With a focus on generating new and
actionable data on the lower-wage workforce in America to inform the national dialogue,
the Associated Press-NORC Center for Public Affairs research conducted a unique
two-part study to better understand how lower-wage workers and employers think about
jobs and opportunities for advancing workers’ careers.
With funding from The Joyce
Foundation, The Hitachi Foundation, and NORC at the University of Chicago, the AP-NORC
Center conducted multimode surveys with 1,606 lower-wage workers and 1,487
employers of lower-wage workers between August 2012 and January 2013 to measure
both worker and employer perspectives on the economic outlook, working conditions,
and opportunities for advancement for workers in jobs that pay $35,000 or less per
The study reveals several critical issues with the potential to inform the policy conversation around investments in America’s new economy and the workers who help drive it.
- Most employers of lower-wage workers say that while these workers do acquire the needed skills over time, they are not prepared when they are first hired. While employers are investing in skill development and training for their lower-wage workforce, only a slim majority of employers is confident that it can invest in the future to keep lower-wage workers’ skills up to date.
- A large majority of employers report that additional job training and general education are very important for lower-wage workers’ career advancement, but many lower-wage workers disagree about the importance of additional training and education for getting ahead in their careers.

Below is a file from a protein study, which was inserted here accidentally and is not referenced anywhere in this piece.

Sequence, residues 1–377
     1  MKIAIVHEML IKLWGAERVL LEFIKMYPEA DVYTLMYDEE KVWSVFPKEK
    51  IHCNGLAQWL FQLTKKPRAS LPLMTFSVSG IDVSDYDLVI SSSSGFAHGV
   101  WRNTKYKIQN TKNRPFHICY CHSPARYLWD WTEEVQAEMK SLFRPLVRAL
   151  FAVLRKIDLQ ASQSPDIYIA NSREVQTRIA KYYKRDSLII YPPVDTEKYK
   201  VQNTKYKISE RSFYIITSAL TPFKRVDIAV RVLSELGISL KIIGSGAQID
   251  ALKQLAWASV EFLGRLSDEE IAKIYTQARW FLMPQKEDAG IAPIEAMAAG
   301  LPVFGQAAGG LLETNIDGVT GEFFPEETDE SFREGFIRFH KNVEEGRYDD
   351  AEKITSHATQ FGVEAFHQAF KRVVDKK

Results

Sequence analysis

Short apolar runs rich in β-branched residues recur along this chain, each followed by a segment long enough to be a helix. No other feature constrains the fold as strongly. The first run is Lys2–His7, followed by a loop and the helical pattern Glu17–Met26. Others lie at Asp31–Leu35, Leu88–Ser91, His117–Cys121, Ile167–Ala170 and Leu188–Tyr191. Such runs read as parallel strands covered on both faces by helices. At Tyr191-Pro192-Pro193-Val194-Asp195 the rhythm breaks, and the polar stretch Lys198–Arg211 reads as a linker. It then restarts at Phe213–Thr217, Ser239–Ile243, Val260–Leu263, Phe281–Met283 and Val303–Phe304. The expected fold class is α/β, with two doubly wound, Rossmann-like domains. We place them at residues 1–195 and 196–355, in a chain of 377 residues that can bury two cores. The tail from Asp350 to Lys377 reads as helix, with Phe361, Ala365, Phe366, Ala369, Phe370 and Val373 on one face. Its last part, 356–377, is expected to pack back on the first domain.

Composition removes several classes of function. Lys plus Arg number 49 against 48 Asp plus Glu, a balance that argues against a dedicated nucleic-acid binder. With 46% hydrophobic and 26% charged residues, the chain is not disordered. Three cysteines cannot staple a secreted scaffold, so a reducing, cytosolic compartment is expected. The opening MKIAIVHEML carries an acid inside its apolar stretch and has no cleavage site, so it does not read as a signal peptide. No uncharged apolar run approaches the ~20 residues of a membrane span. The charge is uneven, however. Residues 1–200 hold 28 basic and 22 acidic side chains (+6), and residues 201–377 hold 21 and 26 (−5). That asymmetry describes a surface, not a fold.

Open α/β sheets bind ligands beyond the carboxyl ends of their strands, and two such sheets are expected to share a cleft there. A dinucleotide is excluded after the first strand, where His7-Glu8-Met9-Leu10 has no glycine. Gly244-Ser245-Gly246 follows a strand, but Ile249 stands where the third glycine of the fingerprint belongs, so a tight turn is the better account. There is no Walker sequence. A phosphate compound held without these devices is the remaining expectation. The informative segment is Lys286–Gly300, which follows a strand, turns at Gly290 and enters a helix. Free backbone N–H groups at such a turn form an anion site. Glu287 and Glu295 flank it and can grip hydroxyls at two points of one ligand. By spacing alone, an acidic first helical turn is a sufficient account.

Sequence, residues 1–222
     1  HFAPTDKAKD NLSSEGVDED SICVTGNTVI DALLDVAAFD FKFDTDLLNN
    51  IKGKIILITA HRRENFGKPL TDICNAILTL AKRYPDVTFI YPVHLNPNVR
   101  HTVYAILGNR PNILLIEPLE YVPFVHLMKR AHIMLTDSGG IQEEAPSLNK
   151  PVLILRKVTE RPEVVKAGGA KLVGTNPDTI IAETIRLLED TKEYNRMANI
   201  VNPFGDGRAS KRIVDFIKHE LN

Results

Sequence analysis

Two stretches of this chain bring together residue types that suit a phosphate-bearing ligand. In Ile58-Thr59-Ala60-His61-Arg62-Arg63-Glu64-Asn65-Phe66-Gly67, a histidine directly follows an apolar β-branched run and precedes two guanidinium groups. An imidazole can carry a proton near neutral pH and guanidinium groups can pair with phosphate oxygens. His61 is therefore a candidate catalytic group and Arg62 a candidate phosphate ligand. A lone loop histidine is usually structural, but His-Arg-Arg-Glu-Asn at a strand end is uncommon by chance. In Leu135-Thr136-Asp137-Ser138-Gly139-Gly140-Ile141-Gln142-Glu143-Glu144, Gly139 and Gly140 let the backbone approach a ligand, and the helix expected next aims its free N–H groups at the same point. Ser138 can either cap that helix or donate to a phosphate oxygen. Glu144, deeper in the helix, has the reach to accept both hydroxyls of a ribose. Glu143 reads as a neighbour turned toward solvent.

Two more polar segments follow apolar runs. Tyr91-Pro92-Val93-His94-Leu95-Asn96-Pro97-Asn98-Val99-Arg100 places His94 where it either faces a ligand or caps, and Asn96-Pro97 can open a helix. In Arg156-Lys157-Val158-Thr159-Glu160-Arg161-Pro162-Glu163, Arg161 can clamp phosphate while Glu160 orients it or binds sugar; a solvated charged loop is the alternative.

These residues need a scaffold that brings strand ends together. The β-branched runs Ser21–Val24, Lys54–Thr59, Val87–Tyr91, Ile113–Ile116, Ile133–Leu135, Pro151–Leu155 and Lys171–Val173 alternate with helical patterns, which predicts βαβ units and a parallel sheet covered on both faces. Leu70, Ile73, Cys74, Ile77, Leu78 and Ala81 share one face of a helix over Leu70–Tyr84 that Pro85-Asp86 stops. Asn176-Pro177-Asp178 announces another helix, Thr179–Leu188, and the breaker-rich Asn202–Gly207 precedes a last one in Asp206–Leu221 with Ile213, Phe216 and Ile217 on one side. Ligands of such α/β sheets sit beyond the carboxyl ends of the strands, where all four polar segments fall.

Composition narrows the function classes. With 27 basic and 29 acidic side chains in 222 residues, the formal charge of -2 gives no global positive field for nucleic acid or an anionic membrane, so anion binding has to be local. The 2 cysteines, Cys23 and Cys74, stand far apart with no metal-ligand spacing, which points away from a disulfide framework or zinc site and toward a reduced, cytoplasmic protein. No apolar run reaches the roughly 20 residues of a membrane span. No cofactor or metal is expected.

- Employers are offering a range of training programs and benefits to their lower-wage workers, but not many employers offer benefits that lead to portable skills or education the worker can use to advance his or her career outside their current company.
- There is evidence of widespread under-utilization of training programs. Lower-wage workers are not taking advantage of employer-sponsored or government sponsored benefits. Similarly, only a small minority of employers are taking advantage of public-private partnerships and other opportunities to encourage training of the lower-wage workforce.
- In spite of widespread national attention on these issues, most workers and employers place the responsibility for getting ahead on individual workers. A much smaller fraction places responsibility on employers and educational institutions. Workers and employers assign government only a small share of responsibility in helping workers advance.
- Lower-wage workers are struggling to get ahead in their jobs and lives. Compared to national averages, lower-wage workers are far less likely to be satisfied in their job or to feel valued for the work they do. Lower-wage workers perceive few opportunities for advancement moving forward and many have not yet advanced in their current jobs. Pessimism is especially acute among whites and younger workers.